If they do this faithfully, they can build up a $900,000 balance in their RRSPs. That amount of capital will support $63,000 of initial payments at an assumed rate of return from dividends, bond interest and capital gains of 7%. If adjusted for inflation, their RRSPs will provide $50,000 of annual income to age 95, which is their assumed date of death, Mr. Edmond says.

There are other things that the couple can do to increase their financial security, Mr. Edmond says. The Ferns have bought a big house at a bargain price but that bargain comes with an annual $4,080 tax bill that is going to rise aggressively when the house is reassessed. Were either partner to die at a young age, maintaining the house could be a challenge, Mr. Edmond points out. The Ferns therefore need more life insurance.

Assuming the survivor would need 70% of a $145,000 current income, or about $100,000 if the other were to die prematurely, Clare needs to purchase a total of $700,000 of life coverage. Stanley needs $400,000. Adjusting for family life insurance currently in force, which is $726,000, Clare should buy $390,000 more coverage and Stanley should get $100,000 of additional coverage.

They can limit their group coverage to double their salaries and buy the additional individually owned term insurance with premiums level for 10 years for $32 a month for Clare and $22 for Stanley. This will guarantee their protection even if they change jobs and lose their group benefits.

Clare and Stanley can later switch to permanent or whole life insurance that will cover them regardless of when they die. That is in contrast to term policies that usually have a maximum renewal age of 75 or 80, Mr. Edmond notes.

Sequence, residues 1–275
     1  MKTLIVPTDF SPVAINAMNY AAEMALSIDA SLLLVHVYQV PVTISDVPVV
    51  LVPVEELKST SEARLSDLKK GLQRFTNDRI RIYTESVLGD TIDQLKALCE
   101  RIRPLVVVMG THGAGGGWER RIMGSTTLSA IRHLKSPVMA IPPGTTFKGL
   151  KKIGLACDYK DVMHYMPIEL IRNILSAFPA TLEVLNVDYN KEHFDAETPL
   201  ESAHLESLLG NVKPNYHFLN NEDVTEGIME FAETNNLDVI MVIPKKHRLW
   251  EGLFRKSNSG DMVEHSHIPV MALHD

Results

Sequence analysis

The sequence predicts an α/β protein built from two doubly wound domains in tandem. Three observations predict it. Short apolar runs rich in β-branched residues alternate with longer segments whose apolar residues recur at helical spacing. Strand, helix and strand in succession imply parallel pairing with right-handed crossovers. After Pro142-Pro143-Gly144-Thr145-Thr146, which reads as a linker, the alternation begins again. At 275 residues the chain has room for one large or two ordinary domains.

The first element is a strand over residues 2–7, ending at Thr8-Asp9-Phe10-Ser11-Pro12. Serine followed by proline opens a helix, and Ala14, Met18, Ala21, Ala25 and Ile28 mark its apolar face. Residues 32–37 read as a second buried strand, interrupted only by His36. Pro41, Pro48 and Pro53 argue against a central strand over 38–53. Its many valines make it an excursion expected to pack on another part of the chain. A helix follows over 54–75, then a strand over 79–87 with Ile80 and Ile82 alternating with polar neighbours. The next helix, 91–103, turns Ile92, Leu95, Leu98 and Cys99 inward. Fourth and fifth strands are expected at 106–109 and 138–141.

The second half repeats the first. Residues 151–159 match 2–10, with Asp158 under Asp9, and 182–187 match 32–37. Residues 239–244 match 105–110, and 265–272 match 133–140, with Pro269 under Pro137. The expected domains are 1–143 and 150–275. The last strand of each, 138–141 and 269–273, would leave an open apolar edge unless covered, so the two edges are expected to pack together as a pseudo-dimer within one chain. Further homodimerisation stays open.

Clare has a disability plan through her work and another disability plan that she purchased before beginning employment with her company. If she were to become disabled, both plans would pay her.

Clare can therefore make more money on disability than she can by working. The two plans can function only because she had her own plan in force before beginning her present employment, Mr. Edmond says. On disability, she would receive $30,000 tax-free from her own plan and $39,000 tax-free from her employer's plan. That would provide $69,000 tax-free.

Stanley has a group disability plan that covers 60% of this first $43,000 of monthly income and then is limited to 45% of the excess. He should top up his disability coverage to provide 62% of gross income at a cost of $12 a month for a so-called "group offset" policy that has a relatively generous definition of disability and which provides fuller coverage, the planner adds.

Mr. Edmond warns that the Ferns have leveraged future prosperity on the lives and jobs they have today. "If the assumption that what is now will always be turns out to be wrong, the house might have to be sold. That's why they have to include some tough times in their plans."

The information provided is based on current laws, regulations and other rules applicable to Canadian residents. It is accurate to the best of the writer's knowledge as of November 22, 2003. Rules and their interpretation may change, affecting the accuracy of the information. The information provided is general in nature, and should not be relied upon as a substitute for advice in any specific situation. For specific situations, advice should be obtained from the appropriate legal, accounting, tax or other professional advisors.